Catch of the Day

Ancient Trout Cod Fossils from Bugaldie’s Chalk Mine

As a young child approaching my grandparent’s farm out beyond Bugaldie, north-west of Coonabarabran, I used to stare out the car window. After many hours on the road, mesmerised by hours of endless gum trees, the Warrumbungle Mountains finally appeared.

As we drove along the flat plain near the railway siding of Bugaldie, my mother pointed out a streaky white seam exposed on a distant hill. I was intrigued by her story of a chalk mine she had visited there when she was a child, where she had found an ancient fish fossil. Hers was just like these three specimens of Maccullochella macquariensis (trout cod or Murray cod), also recovered at the chalk mine on Mount Rundle (‘Chalk Mountain’) near Bugaldie, by fossil and mineral collector Chris Bowman.

The volcanic basalt layers above and below the chalk layer have been dated to roughly 13 and 17 million years ago respectively, confirming that the fish in these fossils lived, and died, during that period – the Miocene epoch. The chalk (more accurately known as diatomite or diatomaceous earth) was created by a river steadily depositing sediments largely composed of the skeletons of algae. These fish, as well as crustaceans and plants, became buried in this sediment.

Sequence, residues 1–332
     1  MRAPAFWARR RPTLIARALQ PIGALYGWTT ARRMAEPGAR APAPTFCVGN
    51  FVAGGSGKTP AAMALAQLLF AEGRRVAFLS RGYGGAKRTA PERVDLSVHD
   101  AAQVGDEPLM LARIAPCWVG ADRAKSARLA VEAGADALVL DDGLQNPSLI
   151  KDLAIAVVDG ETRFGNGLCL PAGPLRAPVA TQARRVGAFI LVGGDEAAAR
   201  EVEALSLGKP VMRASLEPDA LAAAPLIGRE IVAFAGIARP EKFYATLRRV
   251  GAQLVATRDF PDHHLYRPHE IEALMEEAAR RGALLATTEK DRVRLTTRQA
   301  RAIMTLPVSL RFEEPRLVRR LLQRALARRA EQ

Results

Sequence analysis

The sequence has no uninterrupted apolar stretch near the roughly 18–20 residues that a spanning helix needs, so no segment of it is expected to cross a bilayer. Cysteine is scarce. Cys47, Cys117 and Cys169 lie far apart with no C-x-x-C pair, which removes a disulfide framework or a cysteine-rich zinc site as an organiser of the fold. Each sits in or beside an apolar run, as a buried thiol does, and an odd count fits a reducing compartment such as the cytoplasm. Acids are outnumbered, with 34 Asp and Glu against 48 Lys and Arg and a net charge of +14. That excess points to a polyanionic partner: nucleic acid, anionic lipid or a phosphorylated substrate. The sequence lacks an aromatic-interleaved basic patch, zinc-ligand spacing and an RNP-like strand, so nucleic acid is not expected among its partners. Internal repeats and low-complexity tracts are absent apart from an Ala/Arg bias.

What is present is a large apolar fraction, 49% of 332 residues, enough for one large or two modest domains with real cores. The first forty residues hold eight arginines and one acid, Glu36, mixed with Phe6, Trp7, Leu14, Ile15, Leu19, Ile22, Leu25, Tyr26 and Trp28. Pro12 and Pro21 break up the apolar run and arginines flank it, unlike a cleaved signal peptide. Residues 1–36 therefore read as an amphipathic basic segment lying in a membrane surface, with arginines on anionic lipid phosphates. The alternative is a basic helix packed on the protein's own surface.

This trout cod species stills swims in Australia’s fast-flowing freshwater streams today, though it is endangered. Compared to their descendants, these fossilised fish were relatively small when they died. One researcher has suggested they may have had little to eat and died from starvation or were killed by hot volcanic spring water.

As thousands of years passed, the chalk solidified and the fish bones became fossilised. Finally, in 1919 the value of the dusty white deposit was recognised, and a mine was established at Chalk Mountain by Davis Gelatine Co. In 1925, the mine manager discovered the first fish fossils there, sparking great interest from researchers and tourists. Workers continued to discover and collect fish and plant specimens.

By 1968, the mine had produced over 85,000 tonnes of diatomaceous earth that was transported to Sydney for use as an abrasive, for swimming pool filters, for purifying gelatine, and making insulation material. If the mine had never been established, these fossils may never have been discovered.